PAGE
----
This and Bupivacaine concentrations. The primary outcomes included a

This case study, indicates that the
findings have a lack of correlation between the cumulative epidural Fentanyl
dose and the discontinuation of breastfeeding within 3 months postpartum women,
who successfully breastfed in prior pregnancies. Of the 345 women enrolled in
the case study, 93% completed breastfeeding at 3 months postpartum, of which
77% discontinued due to maternal reasonings. From this, we conclude that the
Epidural solution with Fentanyl concentration as high as 2µg/mL does not
interfere with subsequent breastfeeding.

The outcomes further indicated that
of the possible 956 women that were eligible from February 2010 to January
2015, only 345 women were enrolled into the case study, from which 26 females’
results were inconclusive due to no follow-up for the 3-month assessment. The results
include no difference in the breastfeeding rate at 6 weeks and 3-month
follow-up period as the frequency at 6 weeks was 97% with no Fentanyl, 98% with
Fentanyl, and 94% with 2µg/mL Fentanyl. There was also no change in the sensitivity
analysis due to discontinuation, mainly because the reasonings are related to maternal
versus infant. Prior to breast-feeding, during delivery, women with no Fentanyl
showed an elevated motor block at the time of delivery when compared to women
who received 2µg/mL. At delivery, there were also variations in the cumulative
Fentanyl/Bupivacaine doses and the maternal plasma concentrations. However,
results show no variation within groups for maternal or infant recorded assessments,
except the umbilical cord venous Fentanyl and Bupivacaine concentrations.

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The primary outcomes included a
chi-squared analysis of the rate of breastfeeding throughout 6 weeks and
Pearson-Klopper method analysis of the breastfeeding rate change, which was
known to be the confidence interval that is determined via binomial
distribution of two possible outcomes that are performed multiple times. The
secondary outcomes included Kruskal-Wallis H test for continuous and interval
data of the Apgar scores and LATCH breastfeeding assessments. Dunn’s test with
Bonferroni correction was used for post hoc comparisons for rate of
mother discontinuing breastfeeding at 3 months and reasons for discontinuation.
The nominal data was further analyzed with chi-squared analysis to determine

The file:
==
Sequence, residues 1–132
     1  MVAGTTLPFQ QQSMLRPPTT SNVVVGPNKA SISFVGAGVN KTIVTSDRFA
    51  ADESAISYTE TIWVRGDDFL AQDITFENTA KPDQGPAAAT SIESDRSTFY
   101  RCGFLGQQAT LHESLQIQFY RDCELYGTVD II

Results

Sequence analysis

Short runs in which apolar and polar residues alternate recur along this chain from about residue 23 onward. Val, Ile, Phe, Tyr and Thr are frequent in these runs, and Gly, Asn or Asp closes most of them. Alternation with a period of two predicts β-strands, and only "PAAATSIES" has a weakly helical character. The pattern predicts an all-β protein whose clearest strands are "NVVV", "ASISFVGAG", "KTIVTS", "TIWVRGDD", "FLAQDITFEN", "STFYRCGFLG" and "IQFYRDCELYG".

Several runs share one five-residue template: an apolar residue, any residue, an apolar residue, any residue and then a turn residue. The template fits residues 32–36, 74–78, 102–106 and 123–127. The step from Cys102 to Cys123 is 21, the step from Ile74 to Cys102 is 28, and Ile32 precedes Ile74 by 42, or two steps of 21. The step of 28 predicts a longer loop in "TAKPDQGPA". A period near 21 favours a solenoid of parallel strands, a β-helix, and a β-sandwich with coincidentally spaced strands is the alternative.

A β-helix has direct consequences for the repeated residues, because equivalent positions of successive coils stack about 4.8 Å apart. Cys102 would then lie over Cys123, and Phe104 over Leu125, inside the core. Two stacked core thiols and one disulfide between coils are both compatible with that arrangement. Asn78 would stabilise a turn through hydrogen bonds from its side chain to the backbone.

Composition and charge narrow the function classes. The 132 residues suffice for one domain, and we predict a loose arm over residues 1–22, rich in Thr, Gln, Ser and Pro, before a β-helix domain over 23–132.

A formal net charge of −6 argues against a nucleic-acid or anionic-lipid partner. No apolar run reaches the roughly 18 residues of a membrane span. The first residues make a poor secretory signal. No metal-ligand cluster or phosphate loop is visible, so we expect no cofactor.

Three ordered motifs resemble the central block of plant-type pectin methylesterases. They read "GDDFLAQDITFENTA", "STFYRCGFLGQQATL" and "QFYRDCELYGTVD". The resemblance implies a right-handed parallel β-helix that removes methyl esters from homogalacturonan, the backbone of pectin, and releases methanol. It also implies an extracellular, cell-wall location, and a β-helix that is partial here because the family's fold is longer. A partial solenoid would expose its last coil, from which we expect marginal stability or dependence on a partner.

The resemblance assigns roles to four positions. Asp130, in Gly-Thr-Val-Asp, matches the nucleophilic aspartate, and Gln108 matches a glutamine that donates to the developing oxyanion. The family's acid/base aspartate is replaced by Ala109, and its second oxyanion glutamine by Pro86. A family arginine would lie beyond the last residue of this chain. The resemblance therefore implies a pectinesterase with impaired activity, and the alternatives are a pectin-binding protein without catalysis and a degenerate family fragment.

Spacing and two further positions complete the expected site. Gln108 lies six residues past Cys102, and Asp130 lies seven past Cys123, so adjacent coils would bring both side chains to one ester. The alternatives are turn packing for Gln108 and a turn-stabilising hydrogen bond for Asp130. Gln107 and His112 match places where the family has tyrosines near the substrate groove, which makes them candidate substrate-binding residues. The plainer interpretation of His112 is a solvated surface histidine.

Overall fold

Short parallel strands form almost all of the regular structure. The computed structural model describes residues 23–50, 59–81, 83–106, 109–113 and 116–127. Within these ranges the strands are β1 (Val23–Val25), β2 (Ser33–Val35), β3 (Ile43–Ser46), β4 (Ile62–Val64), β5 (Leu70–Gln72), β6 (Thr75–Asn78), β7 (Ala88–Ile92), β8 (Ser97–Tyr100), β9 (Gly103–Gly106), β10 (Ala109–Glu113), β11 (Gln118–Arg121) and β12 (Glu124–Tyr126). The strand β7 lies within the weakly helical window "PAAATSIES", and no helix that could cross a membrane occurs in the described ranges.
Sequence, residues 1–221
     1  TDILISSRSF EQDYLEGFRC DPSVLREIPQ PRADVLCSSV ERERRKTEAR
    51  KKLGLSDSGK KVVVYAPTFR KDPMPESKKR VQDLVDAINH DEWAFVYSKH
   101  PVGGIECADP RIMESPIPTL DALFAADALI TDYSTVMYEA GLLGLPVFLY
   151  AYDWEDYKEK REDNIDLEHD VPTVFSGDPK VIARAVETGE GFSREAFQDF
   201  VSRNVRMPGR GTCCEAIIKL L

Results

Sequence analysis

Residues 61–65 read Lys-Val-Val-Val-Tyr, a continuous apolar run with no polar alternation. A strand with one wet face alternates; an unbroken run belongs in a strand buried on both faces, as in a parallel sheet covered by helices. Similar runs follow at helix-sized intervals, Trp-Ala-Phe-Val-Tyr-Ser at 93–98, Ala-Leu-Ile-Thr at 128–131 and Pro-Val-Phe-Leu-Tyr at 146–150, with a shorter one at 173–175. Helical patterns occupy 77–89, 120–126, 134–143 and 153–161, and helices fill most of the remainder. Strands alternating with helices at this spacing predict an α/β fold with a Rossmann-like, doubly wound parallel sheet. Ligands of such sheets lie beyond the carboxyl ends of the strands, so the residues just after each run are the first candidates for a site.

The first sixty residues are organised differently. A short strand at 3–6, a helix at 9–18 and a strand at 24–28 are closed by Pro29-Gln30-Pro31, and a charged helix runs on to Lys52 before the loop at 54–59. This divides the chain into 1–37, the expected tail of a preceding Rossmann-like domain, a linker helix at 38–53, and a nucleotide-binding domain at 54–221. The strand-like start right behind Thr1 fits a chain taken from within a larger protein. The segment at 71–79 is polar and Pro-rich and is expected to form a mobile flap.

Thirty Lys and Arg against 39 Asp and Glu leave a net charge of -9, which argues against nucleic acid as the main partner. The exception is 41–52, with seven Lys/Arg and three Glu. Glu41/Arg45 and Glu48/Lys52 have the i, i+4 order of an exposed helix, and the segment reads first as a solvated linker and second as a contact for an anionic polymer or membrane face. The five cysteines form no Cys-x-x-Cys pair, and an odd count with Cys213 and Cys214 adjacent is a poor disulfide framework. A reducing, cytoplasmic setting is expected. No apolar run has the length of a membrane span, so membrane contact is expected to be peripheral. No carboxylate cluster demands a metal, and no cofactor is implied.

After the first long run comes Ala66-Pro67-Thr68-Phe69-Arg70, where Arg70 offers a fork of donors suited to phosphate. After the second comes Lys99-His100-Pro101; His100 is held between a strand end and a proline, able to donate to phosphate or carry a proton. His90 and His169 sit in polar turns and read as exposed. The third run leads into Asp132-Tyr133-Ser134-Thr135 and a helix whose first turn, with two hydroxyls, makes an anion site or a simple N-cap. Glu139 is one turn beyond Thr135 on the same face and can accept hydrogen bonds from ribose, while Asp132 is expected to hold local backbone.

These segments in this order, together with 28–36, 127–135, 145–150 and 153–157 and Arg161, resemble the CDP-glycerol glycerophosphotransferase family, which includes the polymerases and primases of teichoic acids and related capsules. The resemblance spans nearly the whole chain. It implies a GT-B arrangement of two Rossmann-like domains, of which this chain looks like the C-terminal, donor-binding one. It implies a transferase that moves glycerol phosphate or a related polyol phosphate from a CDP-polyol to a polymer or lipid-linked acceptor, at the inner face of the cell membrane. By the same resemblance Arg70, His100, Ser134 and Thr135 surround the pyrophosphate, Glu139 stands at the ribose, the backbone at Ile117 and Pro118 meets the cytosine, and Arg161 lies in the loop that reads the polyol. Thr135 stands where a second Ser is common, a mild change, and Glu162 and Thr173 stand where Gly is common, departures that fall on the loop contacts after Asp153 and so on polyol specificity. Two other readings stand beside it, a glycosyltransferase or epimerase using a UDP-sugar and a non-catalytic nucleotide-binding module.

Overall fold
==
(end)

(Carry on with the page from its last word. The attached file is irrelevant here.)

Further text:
possible rejection of null hypothesis (P value <0.05). The Mann Whitney U test was used to compare the cumulative Epidural Fentanyl dose concentrations, which were dependent on both the Epidural Fentanyl concentration and duration of labor analgesia, for women who discontinued breastfeeding prior to the 6 weeks, to determine possible correlation between the two independent factors. Lastly, a multivariable logistic regression model was used to estimate the risk factors that were identified on univariable analysis with discontinuation of breastfeeding at 6-week postpartum. The next set of data was recorded after delivery from both the mother and the infant. The data from the mother included: analgesia satisfactory (0-100), mode of delivery, duration of Epidural infusion, total Epidural infuse volume, and manual Bupivacaine bolus doses for breakthrough pain. The data from the infant included: birth weight, umbilical cord blood gas values, one-minute Apgar score, and NICU admission. After delivery, breastfeeding was assessed by one of three lactation consultants and at discharge, the mothers were inquired regarding mother-infant skin contact within the initial 24 hours. Six weeks and three months postpartum, the mothers were contacted for the last amount of data, which included the duration of breastfeeding by blinded research nurses. Had the mothers discontinued breastfeeding, they were asked open-ended questions regarding the reasoning behind the discontinuation. The research nurses further analyzed the data of the primary and secondary outcomes. The patient was asked to state a verbal pain score (0-100). Along with that, the upper sensory analgesia to ice and degree of motor blockade using a 4-point Bromage Scale. During this, the intensity of the motor block was analyzed by the patient's potential to move their lower extremities. The motor blockade was repeated twice, once at the 2-hour post injection and once at delivery. Samples of maternal venous blood (MV) and umbilical cord venous blood (UV) were collected into a 3mL spray coated Lithium Heparin and Polymer separator gel tubes at delivery. The samples were further centrifuged and stored at -20°C until analysis by HP (High Perform) liquid chromatographer of the plasma concentration and mass spectrometer of the concentrations of Fentanyl and Bupivacaine. The internal standards for the mass spectrometer were set by using Alfentanil for Fentanyl and Mepivacaine for Bupivacaine. For the Fentanyl plasma, a linear curve from 0.01ng/mL to 2.5ng/mL with a coefficient variance of less than or equal to 15% was set. For the Bupivacaine plasma, a linear curve from 1.0ng/mL to 100.0ng/mL with a coefficient variance of less than or equal to 15% was set. The analgesia solutions were made by a Pharmacist that was not related to the study, so there would be a decrease in error to the findings. The solutions consisted of (1) Bupivacaine 1mg/mL + Fentanyl 0µg/mL, (2) Bupivacaine 0.8mg/mL + Fentanyl 1µg/mL, and (3) Bupivacaine 0.625mg/mL + Fentanyl 2µg/mL. When the solutions were ready, they were given to the research nurse, who was the only personnel not to be blinded by the group distribution. The research nurse further set up the PCEA (Patient Controlled Epidural Analgesia) pump to a basal infusion rate of 8mL/hour along with lock-out intervals for 10 minutes and infusion limit of 32mL for 8mL patient administered Epidural boluses. If the bolus, was not sufficient to alleviate the breakthrough pain, an Anesthesia provider was informed to administer Bupivacaine 1.25mg/mL with no Fentanyl. Fifteen minutes after the intrathecal injection, the first data was recorded. The selected subjects needed to have the following pre-requisites in order to be accepted into the study: English-speaking, 38+ week gestation with previous breastfeeding experience for at least 6 weeks, willing to breastfeed for at least 3 months, and willing to receive neuraxial labor analgesia. Further, the selection process indicated that the subjects needed to have no parenteral opioid prior to neuraxial labor analgesia, no history of chronic opioid therapy, and no expectation of delivery within 90 minutes of request for analgesia. After all the requirements were met, the subjects were randomly placed in three groups. The group the patient was placed in determined the amount of analgesia they would receive. The article Epidural Labor Analgesia – Fentanyl Dose and Breastfeeding Success, concentrated on the effects Epidural with Fentanyl had on breastfeeding. Many studies similar to this have occurred previously, however due to the inconclusive and controversial results, this study was repeated with alterations. This current study focused primarily on early termination of breastfeeding within three-time periods, which are postpartum, 6 weeks postpartum, and 3 months postpartum. The formed hypothesis was that early termination at 6 weeks postpartum would occur due to the cumulative Epidural Fentanyl dose. Along with the termination, the researchers had kept order of one-minute Apgar scores, day one LATCH breastfeeding assessments, breastfeeding discontinuation at 3-month rate, and reasonings for breastfeeding discontinuation. Prior to beginning this study, subjects had to be selected.